The White House announced on Friday that President Joe Biden will be signing an executive order to create the Presidential Commission on the Supreme Court of the United States, a commission to study a potential expansion of the Supreme Court.
The commission, according to the press release, will include legal, constitutional, political science, and history scholars.
"The topics it will examine include the genesis of the reform debate; the Court's role in the Constitutional system; the length of service and turnover of justices on the Court; the membership and size of the Court; and the Court’s case selection, rules, and practices," the statement reads.
"The Executive Order directs that the Commission complete its report within 180 days of its first public meeting."
Some Democrats have called for an expansion to the Supreme Court for years, with such calls significantly escalating after the swift appointment of Justice Amy Coney Barrett in the final months of President Donald Trump's term in office following the death of Justice Ruth Bader Ginsburg, who was often considered a hero by progressives.
Those in favor of Supreme Court expansion have argued that it is necessary to expand the court to preserve a partisan balance after Trump's three nominations tilted the bench in a more conservative direction. The idea would be that the Biden administration could enlarge the court and then put a bunch of his appointees on the bench, shifting the current balance of ideological power.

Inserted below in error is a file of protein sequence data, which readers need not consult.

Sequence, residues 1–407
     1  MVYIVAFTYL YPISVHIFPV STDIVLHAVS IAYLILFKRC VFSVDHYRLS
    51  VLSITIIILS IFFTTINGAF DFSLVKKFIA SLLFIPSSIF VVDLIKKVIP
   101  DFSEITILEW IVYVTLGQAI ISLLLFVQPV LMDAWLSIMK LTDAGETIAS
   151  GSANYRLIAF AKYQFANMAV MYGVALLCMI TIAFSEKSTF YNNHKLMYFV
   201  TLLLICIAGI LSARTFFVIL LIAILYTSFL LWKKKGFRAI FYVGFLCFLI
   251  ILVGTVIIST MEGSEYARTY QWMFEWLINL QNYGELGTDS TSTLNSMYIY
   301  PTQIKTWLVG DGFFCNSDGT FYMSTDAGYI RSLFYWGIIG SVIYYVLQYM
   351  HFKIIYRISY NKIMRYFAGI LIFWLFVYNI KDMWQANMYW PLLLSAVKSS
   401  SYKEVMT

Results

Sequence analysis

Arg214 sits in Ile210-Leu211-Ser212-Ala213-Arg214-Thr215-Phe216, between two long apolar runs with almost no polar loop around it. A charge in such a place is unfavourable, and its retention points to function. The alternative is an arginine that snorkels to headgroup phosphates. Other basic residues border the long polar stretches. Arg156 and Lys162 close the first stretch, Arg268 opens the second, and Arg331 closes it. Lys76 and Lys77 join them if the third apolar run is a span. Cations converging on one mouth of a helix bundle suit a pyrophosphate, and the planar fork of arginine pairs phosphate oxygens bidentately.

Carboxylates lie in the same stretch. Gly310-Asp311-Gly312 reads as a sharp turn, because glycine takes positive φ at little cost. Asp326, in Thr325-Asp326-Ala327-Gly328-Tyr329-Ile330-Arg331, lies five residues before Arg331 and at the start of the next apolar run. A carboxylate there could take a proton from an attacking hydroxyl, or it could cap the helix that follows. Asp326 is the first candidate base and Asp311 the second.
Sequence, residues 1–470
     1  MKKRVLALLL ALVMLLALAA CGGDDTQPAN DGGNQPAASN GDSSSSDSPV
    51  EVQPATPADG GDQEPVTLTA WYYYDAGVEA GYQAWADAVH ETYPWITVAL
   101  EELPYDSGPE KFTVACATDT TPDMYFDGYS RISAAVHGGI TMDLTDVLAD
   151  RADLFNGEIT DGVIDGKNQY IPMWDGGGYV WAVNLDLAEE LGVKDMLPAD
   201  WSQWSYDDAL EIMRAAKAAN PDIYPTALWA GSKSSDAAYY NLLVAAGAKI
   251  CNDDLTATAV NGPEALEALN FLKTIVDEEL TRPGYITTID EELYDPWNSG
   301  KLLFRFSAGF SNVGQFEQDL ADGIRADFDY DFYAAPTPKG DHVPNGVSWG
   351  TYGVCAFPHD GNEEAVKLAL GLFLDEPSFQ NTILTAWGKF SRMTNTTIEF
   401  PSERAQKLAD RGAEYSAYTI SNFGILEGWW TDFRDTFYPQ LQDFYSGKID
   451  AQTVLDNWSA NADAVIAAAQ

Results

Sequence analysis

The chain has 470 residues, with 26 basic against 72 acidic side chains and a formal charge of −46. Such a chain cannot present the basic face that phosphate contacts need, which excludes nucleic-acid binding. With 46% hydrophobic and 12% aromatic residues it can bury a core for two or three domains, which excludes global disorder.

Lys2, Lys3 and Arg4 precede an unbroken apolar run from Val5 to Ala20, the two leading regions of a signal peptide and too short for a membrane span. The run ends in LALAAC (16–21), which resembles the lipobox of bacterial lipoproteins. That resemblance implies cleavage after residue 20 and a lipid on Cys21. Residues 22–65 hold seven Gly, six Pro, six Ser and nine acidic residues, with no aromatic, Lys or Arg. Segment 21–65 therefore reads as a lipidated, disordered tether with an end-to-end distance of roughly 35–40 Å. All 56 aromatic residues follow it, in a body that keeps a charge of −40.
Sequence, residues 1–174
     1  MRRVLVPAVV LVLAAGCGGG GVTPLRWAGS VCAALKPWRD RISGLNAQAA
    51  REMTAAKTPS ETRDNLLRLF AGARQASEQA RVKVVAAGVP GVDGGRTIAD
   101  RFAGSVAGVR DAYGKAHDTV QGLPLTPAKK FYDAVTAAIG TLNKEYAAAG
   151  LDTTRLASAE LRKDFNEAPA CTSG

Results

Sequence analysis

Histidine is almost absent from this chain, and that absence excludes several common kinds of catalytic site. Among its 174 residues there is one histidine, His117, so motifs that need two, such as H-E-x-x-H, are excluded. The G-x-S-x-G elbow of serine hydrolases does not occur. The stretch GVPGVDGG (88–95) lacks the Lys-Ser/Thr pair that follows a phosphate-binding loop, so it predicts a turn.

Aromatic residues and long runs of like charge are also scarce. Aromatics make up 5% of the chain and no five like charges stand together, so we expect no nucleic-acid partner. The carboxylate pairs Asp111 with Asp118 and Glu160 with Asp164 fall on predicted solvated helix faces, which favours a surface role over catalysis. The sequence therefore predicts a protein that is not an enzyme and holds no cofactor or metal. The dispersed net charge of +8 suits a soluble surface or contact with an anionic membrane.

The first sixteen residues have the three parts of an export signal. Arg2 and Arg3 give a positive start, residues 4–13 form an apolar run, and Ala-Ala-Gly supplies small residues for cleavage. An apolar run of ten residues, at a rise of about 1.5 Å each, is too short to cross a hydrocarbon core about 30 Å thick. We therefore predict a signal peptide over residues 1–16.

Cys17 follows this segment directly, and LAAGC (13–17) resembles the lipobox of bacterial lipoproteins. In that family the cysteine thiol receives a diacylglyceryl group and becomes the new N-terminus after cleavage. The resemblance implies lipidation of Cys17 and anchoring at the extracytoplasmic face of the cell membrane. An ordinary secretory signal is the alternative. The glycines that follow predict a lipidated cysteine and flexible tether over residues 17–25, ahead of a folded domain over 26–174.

Opponents of court packing, the term often used to deride expansions to the bench, argue that it would undermine faith in the Supreme Court as it turns into yet another partisan battleground, and that it would set a precedent by which future Presidents could continue expanding the court.
Biden continuously refused to answer questions regarding his opinion on court packing during his 2020 election campaign, receiving intense criticism from Republicans as a result.
The last President to attempt to pack the court was Franklin D. Roosevelt in 1937 after the court ruled a number of New Deal policies as unconstitutional. Roosevelt's expansion plans ultimately failed, with members of his own party playing a major role in defeating the proposal.